FIFA Elections: What You Need To Know

Following Sepp Blatter’s fall from grace last year, it’s fair to say that even the most ardent of soccer fans will have struggled to keep up with the hectic twists and turns that have gone on at the pinnacle of the game. Public trust seems to be at an all-time low, despite the intervention of the FBI in a corruption case that brought an abrupt halt to the reign of Joseph (Sepp) Blatter in 2015. The former president, who is currently subject to an eight-year-suspension, has argued that “you cannot buy a World Cup”, but there are still question marks about the validity of the Qatar 2022 bid, never mind the £1.35m payment from Blatter to Michel Platini that landed the pair in hot water. (Especially considering that Platini was considered to be the favourite for the election before the scandal broke.)

Luckily, it seems like the organisation has finally seen the last of Blatter, and on Friday, representatives of the 209 nations that make up world football will meet to decide its future in the short term. (Though he has continued to receive his presidential wage while waiting for a replacement, and his compensation package has remained a closely guarded secret, which means it’s probably large.) They have two issues to take care of. The first focuses on numerous reforms, which should help to change the way the organisation works, as well as making it more transparent for the general public. Instead of an executive committee, they will move to a 36-person council, with audits done independently. On top of that, salaries will be fully disclosed, which is a world away from Blatter, considering the acrimonious circumstances surrounding his impending departure. The second issue is the one that is sure to grab the headlines. The 209 representatives will choose a new president to help them through the reforms, (if successful) and it’s definitely a role that comes with a lot of responsibility. Every member nation has a delegate, with each one getting a separate vote for the ballot which takes place in secret. If one of the candidate’s gets two-thirds of the votes in the first round, they’ll win the election outright. If not, it’ll go to a second round of voting, which is decided by a simple majority.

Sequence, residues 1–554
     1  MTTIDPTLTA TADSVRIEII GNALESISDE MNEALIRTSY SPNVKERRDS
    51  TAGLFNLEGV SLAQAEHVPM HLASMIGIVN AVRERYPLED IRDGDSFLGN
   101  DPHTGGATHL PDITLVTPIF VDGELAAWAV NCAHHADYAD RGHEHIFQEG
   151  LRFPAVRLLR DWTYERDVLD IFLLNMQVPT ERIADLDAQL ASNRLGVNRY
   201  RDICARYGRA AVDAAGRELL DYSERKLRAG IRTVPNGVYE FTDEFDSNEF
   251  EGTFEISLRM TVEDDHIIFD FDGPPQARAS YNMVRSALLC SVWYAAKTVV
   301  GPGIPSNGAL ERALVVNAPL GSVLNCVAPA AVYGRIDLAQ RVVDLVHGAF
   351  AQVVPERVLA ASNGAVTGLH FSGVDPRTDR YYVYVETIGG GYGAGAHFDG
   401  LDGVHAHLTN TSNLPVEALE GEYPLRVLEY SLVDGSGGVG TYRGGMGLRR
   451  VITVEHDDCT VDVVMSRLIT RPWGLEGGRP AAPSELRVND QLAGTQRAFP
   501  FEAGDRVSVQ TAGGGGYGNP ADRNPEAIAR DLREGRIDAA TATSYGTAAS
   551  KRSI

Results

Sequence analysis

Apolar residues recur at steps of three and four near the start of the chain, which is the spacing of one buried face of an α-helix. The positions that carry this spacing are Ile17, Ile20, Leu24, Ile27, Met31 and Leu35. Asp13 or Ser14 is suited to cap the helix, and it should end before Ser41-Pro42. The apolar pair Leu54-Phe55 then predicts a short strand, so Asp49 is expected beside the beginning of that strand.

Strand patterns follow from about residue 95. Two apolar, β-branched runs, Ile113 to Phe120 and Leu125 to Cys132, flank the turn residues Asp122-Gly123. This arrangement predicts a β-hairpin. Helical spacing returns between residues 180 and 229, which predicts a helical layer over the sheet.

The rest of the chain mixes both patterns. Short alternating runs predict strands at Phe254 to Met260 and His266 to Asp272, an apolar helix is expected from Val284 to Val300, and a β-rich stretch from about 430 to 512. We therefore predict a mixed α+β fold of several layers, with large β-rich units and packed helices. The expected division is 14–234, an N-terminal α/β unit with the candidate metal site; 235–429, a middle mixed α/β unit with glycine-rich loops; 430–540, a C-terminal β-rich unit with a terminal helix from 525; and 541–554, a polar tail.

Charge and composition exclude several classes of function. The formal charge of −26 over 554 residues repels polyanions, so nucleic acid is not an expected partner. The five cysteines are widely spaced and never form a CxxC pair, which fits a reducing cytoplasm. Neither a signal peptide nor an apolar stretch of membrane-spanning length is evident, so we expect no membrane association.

Traditionally, continents and countries have block voted, in the vein of a suit-filled version of the Eurovision Song Contest. Instead of regional allegiances, they tend to vote for whoever has promised them the best deal, and it used to be Sepp. This could be a deal that comes in many shapes and forms, whether it be an increase in funding for equipment or facilities, or even expanding the World Cup Finals to include even more teams, as FIFA have recently discussed. The former general secretary of the Confederation of North, Central America and Caribbean Association Football (CONCACAF) Charles Blazer argued that it was much more blatant, and that he himself accepted bribes in relation to TV broadcasting rights and the successful 2010 South African World Cup bid. Either way, it’s not exactly how most of us would like the game to be managed, and the corruption saga has refused to go away.

Sheikh Salman bin Ebrahim Al Khalifa

Of the five remaining candidates, Sheikh Salman bin Ebrahim al-Khalifa of Bahrain is the current favourite, and though he’s been attempting to distance himself from the previous regime, he denies that corruption is widespread within FIFA;